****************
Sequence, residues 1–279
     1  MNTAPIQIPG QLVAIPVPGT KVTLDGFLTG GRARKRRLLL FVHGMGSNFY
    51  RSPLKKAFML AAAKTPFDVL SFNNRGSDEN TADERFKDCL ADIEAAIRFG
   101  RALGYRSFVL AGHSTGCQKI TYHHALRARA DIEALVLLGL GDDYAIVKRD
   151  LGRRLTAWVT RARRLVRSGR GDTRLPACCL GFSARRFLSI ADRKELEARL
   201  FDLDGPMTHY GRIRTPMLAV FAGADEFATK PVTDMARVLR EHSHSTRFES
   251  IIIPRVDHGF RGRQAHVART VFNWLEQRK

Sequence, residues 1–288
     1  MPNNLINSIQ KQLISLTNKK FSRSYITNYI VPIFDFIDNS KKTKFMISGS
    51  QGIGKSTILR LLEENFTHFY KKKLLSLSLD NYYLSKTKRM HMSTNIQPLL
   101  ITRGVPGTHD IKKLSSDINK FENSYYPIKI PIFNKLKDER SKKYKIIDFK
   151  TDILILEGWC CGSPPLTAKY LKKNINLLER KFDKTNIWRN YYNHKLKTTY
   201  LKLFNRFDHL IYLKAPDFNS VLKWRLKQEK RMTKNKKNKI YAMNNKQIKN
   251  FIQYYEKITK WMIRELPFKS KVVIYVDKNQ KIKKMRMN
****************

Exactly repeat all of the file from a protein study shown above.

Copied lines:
Sequence, residues 1–279
     1  MNTAPIQIPG QLVAIPVPGT KVTLDGFLTG GRARKRRLLL FVHGMGSNFY
    51  RSPLKKAFML AAAKTPFDVL SFNNRGSDEN TADERFKDCL ADIEAAIRFG
   101  RALGYRSFVL AGHSTGCQKI TYHHALRARA DIEALVLLGL GDDYAIVKRD
   151  LGRRLTAWVT RARRLVRSGR GDTRLPACCL GFSARRFLSI ADRKELEARL
   201  FDLDGPMTHY GRIRTPMLAV FAGADEFATK PVTDMARVLR EHSHSTRFES
   251  IIIPRVDHGF RGRQAHVART VFNWLEQRK

Sequence, residues 1–288
     1  MPNNLINSIQ KQLISLTNKK FSRSYITNYI VPIFDFIDNS KKTKFMISGS
    51  QGIGKSTILR LLEENFTHFY KKKLLSLSLD NYYLSKTKRM HMSTNIQPLL
   101  ITRGVPGTHD IKKLSSDINK FENSYYPIKI PIFNKLKDER SKKYKIIDFK
   151  TDILILEGWC CGSPPLTAKY LKKNINLLER KFDKTNIWRN YYNHKLKTTY
   201  LKLFNRFDHL IYLKAPDFNS VLKWRLKQEK RMTKNKKNKI YAMNNKQIKN
   251  FIQYYEKITK WMIRELPFKS KVVIYVDKNQ KIKKMRMN